ProgrammingThis forum is for all programming questions.
The question does not have to be directly related to Linux and any language is fair game.
Welcome to LinuxQuestions.org, a friendly and active Linux Community.
You are currently viewing LQ as a guest. By joining our community you will have the ability to post topics, receive our newsletter, use the advanced search, subscribe to threads and access many other special features. Registration is quick, simple and absolutely free. Join our community today!
Note that registered members see fewer ads, and ContentLink is completely disabled once you log in.
If you have any problems with the registration process or your account login, please contact us. If you need to reset your password, click here.
Having a problem logging in? Please visit this page to clear all LQ-related cookies.
Introduction to Linux - A Hands on Guide
This guide was created as an overview of the Linux Operating System, geared toward new users as an exploration tour and getting started guide, with exercises at the end of each chapter.
For more advanced trainees it can be a desktop reference, and a collection of the base knowledge needed to proceed with system and network administration. This book contains many real life examples derived from the author's experience as a Linux system and network administrator, trainer and consultant. They hope these examples will help you to get a better understanding of the Linux system and that you feel encouraged to try out things on your own.
Click Here to receive this Complete Guide absolutely free.
Perhaps this thread's title is not the best, but I couldn't some up with a snazzy title... such is life. Anyway, to the question:
I'm looking for some suggestions on how to propagate a neural network from one portion of a simulation to the next. I've written a neural network class, and have included it in a tic-tac-toe simulator. I have each player in the pool (each with a unique neural network) play two games against every other player (once as player X and once as player O). When all the games are finished, I sort the scores given to each player, and do some player-pool-tweaking.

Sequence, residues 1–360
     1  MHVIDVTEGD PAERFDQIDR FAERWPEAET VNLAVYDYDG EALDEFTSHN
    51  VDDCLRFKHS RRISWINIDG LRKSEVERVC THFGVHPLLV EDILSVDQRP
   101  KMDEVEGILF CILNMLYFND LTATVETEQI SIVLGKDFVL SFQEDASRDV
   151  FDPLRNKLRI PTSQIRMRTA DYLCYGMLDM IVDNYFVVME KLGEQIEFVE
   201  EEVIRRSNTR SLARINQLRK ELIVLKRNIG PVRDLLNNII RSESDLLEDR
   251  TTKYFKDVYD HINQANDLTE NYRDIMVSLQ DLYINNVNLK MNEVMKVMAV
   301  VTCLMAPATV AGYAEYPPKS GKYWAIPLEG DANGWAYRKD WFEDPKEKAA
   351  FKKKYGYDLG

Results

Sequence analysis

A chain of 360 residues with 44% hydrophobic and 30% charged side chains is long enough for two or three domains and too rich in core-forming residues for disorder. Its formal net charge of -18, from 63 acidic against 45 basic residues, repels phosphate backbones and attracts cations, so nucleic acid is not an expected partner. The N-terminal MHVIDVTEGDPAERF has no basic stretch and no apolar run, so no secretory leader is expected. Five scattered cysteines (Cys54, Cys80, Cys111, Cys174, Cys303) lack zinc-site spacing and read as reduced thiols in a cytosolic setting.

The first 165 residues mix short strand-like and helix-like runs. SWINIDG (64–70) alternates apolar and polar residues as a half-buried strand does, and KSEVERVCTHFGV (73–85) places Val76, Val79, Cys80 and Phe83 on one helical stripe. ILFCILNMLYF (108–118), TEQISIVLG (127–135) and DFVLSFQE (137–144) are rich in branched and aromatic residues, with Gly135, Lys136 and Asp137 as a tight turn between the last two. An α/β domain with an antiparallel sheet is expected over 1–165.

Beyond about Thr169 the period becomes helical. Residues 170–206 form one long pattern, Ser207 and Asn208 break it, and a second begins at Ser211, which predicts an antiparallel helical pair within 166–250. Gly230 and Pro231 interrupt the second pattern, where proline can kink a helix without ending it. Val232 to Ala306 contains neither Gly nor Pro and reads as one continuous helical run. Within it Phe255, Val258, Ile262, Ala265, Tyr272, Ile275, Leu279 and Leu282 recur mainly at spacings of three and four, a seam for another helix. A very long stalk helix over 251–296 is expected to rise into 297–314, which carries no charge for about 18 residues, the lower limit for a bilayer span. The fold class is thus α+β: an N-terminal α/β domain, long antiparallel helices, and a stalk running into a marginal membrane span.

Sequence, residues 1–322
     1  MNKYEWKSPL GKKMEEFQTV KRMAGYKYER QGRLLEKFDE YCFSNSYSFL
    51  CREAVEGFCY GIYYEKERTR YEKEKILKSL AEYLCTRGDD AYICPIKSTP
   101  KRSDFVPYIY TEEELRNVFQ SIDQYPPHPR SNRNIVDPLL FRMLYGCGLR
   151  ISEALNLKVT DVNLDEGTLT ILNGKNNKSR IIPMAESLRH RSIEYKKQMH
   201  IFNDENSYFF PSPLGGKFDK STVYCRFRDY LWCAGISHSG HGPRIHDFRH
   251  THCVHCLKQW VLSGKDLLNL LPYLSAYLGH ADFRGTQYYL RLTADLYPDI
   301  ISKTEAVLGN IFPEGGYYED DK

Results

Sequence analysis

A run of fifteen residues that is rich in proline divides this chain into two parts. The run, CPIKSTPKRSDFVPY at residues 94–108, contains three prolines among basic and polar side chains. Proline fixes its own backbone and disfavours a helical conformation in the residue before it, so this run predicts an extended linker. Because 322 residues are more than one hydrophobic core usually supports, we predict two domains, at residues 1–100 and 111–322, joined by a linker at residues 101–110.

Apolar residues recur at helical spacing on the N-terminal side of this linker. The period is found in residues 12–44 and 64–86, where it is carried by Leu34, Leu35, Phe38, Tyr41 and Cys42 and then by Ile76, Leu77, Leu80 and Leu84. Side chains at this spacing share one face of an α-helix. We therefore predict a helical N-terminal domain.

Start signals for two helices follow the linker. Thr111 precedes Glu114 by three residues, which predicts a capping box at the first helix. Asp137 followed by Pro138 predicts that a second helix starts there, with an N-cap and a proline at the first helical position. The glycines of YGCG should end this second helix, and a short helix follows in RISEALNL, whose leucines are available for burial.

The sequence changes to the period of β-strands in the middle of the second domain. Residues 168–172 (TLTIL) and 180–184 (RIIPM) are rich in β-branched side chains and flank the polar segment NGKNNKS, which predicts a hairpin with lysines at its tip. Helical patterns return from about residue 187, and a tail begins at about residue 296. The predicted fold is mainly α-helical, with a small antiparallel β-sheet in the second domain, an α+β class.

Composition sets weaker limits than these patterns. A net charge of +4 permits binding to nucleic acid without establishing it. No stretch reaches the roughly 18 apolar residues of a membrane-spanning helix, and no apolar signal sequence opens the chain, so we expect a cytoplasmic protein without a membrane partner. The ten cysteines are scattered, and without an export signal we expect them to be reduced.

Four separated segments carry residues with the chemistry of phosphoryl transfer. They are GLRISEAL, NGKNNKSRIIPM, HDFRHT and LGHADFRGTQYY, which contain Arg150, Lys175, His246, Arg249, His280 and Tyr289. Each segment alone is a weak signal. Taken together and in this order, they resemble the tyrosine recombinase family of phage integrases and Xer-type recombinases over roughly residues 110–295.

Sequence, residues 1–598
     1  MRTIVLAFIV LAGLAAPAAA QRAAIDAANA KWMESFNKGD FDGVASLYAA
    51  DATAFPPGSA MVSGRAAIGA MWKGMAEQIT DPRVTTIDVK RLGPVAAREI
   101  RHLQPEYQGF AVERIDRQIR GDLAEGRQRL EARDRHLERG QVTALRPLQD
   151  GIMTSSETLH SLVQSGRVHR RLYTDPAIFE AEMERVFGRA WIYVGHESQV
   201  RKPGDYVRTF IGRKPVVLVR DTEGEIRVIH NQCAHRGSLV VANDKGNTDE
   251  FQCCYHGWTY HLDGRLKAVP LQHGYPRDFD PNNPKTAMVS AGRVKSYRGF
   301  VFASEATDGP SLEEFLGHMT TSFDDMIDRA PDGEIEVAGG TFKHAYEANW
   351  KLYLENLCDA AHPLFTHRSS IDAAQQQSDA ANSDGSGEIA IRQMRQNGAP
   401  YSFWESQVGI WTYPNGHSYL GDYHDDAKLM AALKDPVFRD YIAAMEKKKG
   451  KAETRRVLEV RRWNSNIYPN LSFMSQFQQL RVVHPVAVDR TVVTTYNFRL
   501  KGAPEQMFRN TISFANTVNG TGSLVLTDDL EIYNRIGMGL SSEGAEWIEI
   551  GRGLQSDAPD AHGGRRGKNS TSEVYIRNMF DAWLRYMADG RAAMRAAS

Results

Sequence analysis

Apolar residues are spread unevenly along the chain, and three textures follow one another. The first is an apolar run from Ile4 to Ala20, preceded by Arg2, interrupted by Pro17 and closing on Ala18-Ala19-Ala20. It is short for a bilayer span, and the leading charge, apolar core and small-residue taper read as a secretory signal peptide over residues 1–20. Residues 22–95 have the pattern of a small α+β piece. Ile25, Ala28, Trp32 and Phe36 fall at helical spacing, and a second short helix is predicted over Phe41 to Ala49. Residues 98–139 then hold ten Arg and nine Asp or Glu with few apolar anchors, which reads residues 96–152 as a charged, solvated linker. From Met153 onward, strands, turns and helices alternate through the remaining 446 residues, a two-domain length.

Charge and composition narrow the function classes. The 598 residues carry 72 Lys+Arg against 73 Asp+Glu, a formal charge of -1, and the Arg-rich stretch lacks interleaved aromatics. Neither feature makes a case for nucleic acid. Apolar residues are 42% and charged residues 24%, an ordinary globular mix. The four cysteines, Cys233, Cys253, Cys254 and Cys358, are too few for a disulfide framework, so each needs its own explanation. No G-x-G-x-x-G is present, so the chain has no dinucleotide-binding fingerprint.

* Specifically, the top 2/5 of the players are left unchanged -> advance to next round.
* Those same top 2/5 of the players are copied once, with each copy receiving a random "tweak" to their network (only one value within the network is modified) -> they are mutated
* The bottom 1/5 of the players are completely tossed, and new, purely random networks replace them.
After all of that business, the players slug it out again, and repeat the whole process until a sufficient network is found.
Out of a pool of 100 players, I'm not seeing the scores improve at all. It seems to always hove around the starting score. I'm beginning to wonder whether the "population" is becoming stagnant. One obvious thing to try is "genetic crossover" but I was hoping someone might have another interesting idea to try, or would be able to point out a flaw in my logic.
If anyone thinks it's extremely important, I can post the basics of the scoring and "tweak" methods employed.
The players that don't score in the top 2/5's are lost from the population. They are dropped completely in favor of the "proven" players and their mutations. The new, random nets are intended to preserve diversity (possible introduction of a new strategy).
I think that only keeping the top 2/5's is the crux of the problem. All of them could be clustered around a local maximum, and the simulation becomes trapped. The chance that one of the new, random nets could jolt the simulation out of that situation is probably very remote.
I'll try to implement a probability-based selection routine (greater score implies greater chance to propagate to the next round) and see what that does for me rahter than just taking the top scorers only.
What you might want to do, is rather than just randomly changing a single variable, is take more copies, each of which have one of the variables altered by a set amount, as well as the original.
This means adjusting the you take through to the next round, but gives you more of a chance of propagating useful traits, and strengthing them. where your adjustments at the moment, with only a single copy could simply remove them.
Once you have a net that consistantly beats ots progeny multiple times, you might have an ultimate winner.
Another point is tic-tac-toe, is a game that can be drawn, and may not allow for improvment.
If I follow you, I tried something similar earlier (I may not have had the patience to see it play out though). I took the top 1/5, passed them through, copied them three times with a different mutation to each copy, and then introduced random nets for the last portion (to fill out the population). I got similar results (a little improvement, but the scores seemed to stabilize quickly - a false convergence). Like I said, maybe I didn't give the simulation enough time to improve. It's something I may look into again.
And yeah, tic-tac-toe might not have been the best possible choice, but I thought it was simple enough to cut my teeth on. I have the simulation set up to trigger a solution when a candidate wins half of the matches played, but I also keep an eye out for when the players tie for every game. In theory, at some point, the "unbeatable" defense will evolve, and that suggests the nets would progress from profoundly stupid to winner to stalemate strategy; where the peak point value does not actually represent the best player.
I do appreciate the help. It's good to have an outside perspective on this stuff.